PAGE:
Gonadosomatic index (GSI) analyses of D. gigas conducted between July 2003 and February 2004 indicated higher GSI measurements for males during October and for females during November because of the later maturation of females (Cubillos et al., 2004; Tafur et al., 2010). However, no spawning evidence was found during winter and spring using macroscopic examination techniques and histological analysis of the gonads (Cubillos et al., 2004; Gallardo, 2004). Analysis of the ratio of microelements deposited in statoliths can be useful to discriminate spawning seasons (e.g., Mg:Ca and Sr:Ca, Liu et al., 2011). The analysis of the Sr:Ca ratio of D. gigas collected in the EEZ in Chile and Peru led to the conclusion by some authors that there exist two spawning seasons (autumn and winter) (Liu et al., 2011). However, Chen et al. (2011) using individuals hatched between January and December 2008 outside of the Chilean EEZ, suggested that D. gigas spawns throughout the year, with peaks in August and November (austral winter and spring respectively). Similar observations were made by Keyl et al. (2011) using samples collected inside the Peruvian EEZ. Thus evidence from different studies reveals that mature specimens of D. gigas may spawn throughout the year in offshore zones (i.e., oceanic waters in EEZ), with two periods of maximum reproductive activity in winter and summer. Spawning also occurs in oceanic waters, as D. gigas paralarvae have been collected off the Chilean coast (Nesis, 1970; this study, Table 1 and Fig. 2), in Peruvian waters and in the Equatorial zone (Sakai & Yamashiro, 2013; Staff et al., 2013). While studies on the fecundity of D. gigas are insufficient, one author found that individual females in Chile could produce approximately 312,612 eggs (Gallardo, 2004). In the same study, Gallardo (2004) reported that the size of ripe eggs ranged from 0.76-2.28 mm.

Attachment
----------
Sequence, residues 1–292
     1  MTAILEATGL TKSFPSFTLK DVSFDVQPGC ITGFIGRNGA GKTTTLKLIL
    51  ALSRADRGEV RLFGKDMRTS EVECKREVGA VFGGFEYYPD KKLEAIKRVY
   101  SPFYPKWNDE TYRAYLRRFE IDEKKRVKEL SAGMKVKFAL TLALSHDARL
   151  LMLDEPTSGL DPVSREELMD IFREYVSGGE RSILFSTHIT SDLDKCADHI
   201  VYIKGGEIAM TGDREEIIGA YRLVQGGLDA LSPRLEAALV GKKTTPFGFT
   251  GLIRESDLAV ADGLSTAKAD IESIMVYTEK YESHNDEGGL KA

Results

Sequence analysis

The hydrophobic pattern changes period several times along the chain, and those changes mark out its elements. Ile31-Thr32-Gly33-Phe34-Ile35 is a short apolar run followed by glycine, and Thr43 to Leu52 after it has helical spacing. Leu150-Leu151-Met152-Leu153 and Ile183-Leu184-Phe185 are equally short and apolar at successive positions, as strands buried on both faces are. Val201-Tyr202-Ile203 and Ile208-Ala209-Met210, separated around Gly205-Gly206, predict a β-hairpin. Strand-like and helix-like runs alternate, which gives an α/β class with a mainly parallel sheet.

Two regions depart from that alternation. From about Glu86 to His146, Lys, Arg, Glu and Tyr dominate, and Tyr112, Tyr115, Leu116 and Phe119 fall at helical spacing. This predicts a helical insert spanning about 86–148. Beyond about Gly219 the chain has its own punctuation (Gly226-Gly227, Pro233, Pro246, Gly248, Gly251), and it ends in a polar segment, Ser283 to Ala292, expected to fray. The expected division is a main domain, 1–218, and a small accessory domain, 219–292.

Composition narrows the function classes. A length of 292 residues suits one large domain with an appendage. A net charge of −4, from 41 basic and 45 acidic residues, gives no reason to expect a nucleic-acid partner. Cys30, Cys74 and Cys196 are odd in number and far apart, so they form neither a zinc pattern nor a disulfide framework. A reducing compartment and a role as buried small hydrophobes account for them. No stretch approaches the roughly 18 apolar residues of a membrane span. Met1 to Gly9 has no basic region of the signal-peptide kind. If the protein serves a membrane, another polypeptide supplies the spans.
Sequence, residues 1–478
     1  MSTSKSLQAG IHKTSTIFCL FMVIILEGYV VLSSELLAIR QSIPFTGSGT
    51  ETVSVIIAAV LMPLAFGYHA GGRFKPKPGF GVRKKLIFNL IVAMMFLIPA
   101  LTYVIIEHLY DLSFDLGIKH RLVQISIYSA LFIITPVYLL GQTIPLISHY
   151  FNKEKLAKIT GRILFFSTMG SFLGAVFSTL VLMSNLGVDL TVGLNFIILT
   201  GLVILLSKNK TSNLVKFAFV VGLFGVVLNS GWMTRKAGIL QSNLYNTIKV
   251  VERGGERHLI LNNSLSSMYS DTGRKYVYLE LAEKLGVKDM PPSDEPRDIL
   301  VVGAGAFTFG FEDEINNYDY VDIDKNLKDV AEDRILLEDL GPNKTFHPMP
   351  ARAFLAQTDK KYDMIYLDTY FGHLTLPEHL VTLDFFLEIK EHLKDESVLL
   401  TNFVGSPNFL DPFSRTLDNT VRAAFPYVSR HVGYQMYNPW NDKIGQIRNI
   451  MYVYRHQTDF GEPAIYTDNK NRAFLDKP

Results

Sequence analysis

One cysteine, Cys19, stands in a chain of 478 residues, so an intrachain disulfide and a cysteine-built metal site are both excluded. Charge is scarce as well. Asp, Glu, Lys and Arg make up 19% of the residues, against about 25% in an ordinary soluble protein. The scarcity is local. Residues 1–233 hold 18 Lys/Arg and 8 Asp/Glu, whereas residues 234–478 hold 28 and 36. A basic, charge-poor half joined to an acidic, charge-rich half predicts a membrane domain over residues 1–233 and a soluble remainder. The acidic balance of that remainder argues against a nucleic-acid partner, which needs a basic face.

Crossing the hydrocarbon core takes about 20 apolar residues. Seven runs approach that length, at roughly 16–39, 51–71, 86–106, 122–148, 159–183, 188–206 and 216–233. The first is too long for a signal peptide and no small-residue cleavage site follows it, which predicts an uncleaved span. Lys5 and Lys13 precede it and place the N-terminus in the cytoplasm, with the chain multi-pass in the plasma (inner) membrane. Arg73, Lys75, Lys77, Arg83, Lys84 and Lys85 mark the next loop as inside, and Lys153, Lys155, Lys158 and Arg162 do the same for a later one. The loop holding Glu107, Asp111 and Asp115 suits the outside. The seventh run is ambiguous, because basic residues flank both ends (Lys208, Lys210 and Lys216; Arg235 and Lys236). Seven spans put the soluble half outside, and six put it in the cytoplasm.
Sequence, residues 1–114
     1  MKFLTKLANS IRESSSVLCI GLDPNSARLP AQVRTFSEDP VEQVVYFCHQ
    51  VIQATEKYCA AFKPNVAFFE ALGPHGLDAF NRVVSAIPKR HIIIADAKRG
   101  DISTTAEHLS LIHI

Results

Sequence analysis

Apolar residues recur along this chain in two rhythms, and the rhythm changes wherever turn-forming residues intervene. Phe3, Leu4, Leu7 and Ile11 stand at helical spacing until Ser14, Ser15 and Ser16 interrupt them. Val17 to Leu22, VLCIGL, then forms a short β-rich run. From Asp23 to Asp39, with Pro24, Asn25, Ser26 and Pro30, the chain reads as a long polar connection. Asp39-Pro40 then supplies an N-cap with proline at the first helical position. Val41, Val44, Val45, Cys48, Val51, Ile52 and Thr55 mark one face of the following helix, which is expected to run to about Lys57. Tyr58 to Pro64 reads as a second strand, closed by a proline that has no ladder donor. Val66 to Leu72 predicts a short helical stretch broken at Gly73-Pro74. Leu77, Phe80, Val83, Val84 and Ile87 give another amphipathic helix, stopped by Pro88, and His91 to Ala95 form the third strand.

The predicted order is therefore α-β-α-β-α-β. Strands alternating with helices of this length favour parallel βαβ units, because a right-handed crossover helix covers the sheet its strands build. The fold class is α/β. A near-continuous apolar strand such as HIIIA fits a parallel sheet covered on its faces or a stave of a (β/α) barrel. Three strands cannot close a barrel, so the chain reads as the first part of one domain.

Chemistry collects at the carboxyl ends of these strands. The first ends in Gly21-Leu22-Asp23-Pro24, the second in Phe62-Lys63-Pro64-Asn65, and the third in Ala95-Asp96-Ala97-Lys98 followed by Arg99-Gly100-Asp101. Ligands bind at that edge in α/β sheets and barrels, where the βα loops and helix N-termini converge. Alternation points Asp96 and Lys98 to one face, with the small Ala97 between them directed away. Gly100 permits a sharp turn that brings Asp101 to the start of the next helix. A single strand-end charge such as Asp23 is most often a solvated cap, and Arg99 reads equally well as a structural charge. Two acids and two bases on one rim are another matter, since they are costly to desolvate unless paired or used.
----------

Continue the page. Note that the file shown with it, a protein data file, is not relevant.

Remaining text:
Table 1. Data of Dosidicus gigas paralarvae
collected off the coast of Central Chile during
November 11-14, 2003 during the FIP 2002-12
cruises. All paralarvae were identified and
measured by C.M. Ibáñez. ID: Station number.


Figure 2. Sampling stations where paralarvae of Dosidicus gigas were captured during the
project FIP 2002-12, November 11-14, 2003. For details, see Table 1.


The feeding of the jumbo squid